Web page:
The recent award of an infrastructure fund-of-funds mandate by Japan’s Government Pension Investment fund (GPIF) should encourage more pension funds to consider investing in infrastructure, but they may struggle to find appropriate opportunities to suit their risk profiles, believe investment experts.
GPIF, which is the world’s largest pension fund, announced on January 12 that it was appointing US-based Stepstone Infrastructure and Real Estate as the investment manager for its global infrastructure core strategy mandate—the first infrastructure mandate for the $1.3 trillion fund.
GPIF did not reveal the value of the mandate, which follows its request for proposal (RFP) for alternative assets issued on April 17, 2017. The RFP sought pitches from asset managers for a gatekeeper/fund-of-funds structure.
The mandate comes at a time when investor interest in infrastructure is bubbling up in the region. However, it remains a fairly new asset class for pension funds outside of Australia and New Zealand. They are typically conservative and prefer sticking to bonds and local equities, experts said.
Infrastructure assets appeal to these pension funds because the time horizon matches their liability structures, which can stretch to 30 years or so.
This fact was highlighted recently by Eddie Yu, deputy chief executive of the Hong Kong Monetary Authority: “For institutional investors awash with capital, such as insurance companies, sovereign funds and pension funds, the characteristics of infrastructure investment are very much in line with their own stable and long-term investment strategy,” he said, according to a note on the de facto central bank’s website, dated September 19, 2017.
Infrastructure funds typically offer stable returns and steady cash flows, usually because they are based upon long-term operating contracts that are provided by governments.
But the investments can also carry specific risks, including commercial viability, political and economic risks of different jurisdictions, as well as environmental and sustainability concerns.
“The challenge is finding commercially attractive investment opportunities that are aligned to the risk appetite of the pension fund,” Josef Pilger, global retirement and pensions leader at consultancy EY, told AsianInvestor.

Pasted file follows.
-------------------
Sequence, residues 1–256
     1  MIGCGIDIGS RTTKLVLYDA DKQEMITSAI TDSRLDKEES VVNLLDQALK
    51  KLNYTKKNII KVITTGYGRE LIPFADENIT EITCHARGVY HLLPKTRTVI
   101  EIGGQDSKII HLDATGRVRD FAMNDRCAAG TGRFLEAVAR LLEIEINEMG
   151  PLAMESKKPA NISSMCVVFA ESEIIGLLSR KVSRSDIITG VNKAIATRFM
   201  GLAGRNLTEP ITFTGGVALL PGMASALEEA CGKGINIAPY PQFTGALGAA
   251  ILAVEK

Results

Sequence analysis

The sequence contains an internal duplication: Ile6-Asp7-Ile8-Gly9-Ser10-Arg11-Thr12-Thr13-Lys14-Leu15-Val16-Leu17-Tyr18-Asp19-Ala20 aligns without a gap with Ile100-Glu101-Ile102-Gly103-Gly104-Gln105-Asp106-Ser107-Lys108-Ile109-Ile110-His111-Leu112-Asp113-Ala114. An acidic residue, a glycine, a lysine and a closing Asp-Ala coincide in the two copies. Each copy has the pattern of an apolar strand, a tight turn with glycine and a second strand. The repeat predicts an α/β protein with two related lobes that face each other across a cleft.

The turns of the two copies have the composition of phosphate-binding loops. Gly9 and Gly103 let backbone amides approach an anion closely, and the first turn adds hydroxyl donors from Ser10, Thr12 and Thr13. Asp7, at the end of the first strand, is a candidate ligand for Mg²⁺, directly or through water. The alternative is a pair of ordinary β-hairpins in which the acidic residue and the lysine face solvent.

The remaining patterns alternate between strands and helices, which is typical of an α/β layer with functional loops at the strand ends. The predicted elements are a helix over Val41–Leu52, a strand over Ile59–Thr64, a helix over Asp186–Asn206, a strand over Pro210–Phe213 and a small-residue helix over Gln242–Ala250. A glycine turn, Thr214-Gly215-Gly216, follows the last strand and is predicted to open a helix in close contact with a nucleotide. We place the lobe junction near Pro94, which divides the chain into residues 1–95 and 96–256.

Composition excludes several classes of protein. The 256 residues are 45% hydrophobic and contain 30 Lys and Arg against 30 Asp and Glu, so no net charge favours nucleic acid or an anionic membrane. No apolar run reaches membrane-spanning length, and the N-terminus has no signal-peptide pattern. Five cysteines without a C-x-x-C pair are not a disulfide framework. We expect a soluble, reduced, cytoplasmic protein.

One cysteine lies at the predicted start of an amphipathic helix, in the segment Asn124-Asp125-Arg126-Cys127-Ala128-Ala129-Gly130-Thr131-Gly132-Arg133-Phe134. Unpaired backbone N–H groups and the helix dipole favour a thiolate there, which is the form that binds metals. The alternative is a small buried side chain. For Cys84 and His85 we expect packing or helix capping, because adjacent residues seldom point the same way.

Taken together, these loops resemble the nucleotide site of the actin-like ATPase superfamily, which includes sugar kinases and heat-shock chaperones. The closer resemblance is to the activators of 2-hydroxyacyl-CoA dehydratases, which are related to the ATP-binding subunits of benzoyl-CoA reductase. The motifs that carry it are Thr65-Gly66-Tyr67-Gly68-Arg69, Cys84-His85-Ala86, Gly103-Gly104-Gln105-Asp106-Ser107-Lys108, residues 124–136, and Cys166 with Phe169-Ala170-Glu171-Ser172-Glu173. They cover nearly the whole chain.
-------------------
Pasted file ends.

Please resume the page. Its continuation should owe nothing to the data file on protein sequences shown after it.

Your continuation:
As a result, many investors prefer developed-market opportunities, which provide more certainty in terms of counterparties honouring contract obligations—but also offer relatively lower returns.
“The infrastructure market in the US or Europe, for instance, is very developed, but there is also high competition from investors, and that puts pressure on yields,” added Sydney-based Pilger.
According to Mary Leung, CFA Institute's Asia-Pacific head of advocacy, total returns for listed equities in global infrastructure could range between 8% to 10% annually, while for unlisted/direct investments this can be in the double digits, commensurate the higher risks.
Typically even expert funds only have a few percentage points of allocation to infrastructure assets, as part of a broader portfolio in alternatives.
GPIF is focusing mainly on developed markets with its mandate, according to the RFP.
“Japanese institutional infrastructure investment appetite currently seems to reside mostly in the OECD brownfield space,” said Daisuke Imaeda, AMP Capital’s head of institutional business.
However, if GPIF were to become visibly more involved in the initiatives by Japanese infrastructure businesses, it would likely prompt Japanese asset owners to consider investing in these projects too, he told AsianInvestor.
Most experts that AsianInvestor spoke to pointed out that most institutional investors in the region are hoping to replicate the success of Canadian and Australian pension funds, which have been the pioneers—and successfully so—in infrastructure investing.
GPIF did not respond to a request for more detail about its new mandate.
Pension funds interested in gaining exposure to infrastructure investments often face some unique challenges.
In some instances, for example, a fund’s articles of association/ charter prevent them from investing in alternatives. Many such funds are state-linked, and they are seeking to update these rules.
“There is a huge push around the region among pension funds that can’t invest in alternatives to make changes to their charter to enable them to do so,” said EY’s Pilger.
Once those changes are made, investors, particularly in Japan, might leapfrog from investing in just cash and local bonds to alternatives such as private equity, real estate and infrastructure, noted Peter Douglas, Singapore-based principal with the Chartered Alternative Investment Analyst Association.
But even if a pension fund’s charter allows it invest in alternatives, not every one can do so. “Often the operational maturity of the fund is not aligned with the size or complexity of the investment opportunity,” pointed out EY’s Pilger.
A fund-of-funds, which is the format of the mandate announced by GPIF, usually provides a relative novice with more investing diversification, especially for investors still trying to understand the alternatives market.
“If you have $2 billion to invest, you could invest in one airport as a single irect investment, for instance, or you could invest in a portfolio of airport equities, which can help in geographical diversification,” CFA Institute's Leung told AsianInvestor.
On the downside, there are often two layers of fees to pay—for the FoF and the underlying funds it invests into. That can eat into returns.
AsianInvestor brings Japan's leading institutions together for its 7th Japan Institutional Investment Forum in Tokyo on March 15. To register or find out more, please visit the website.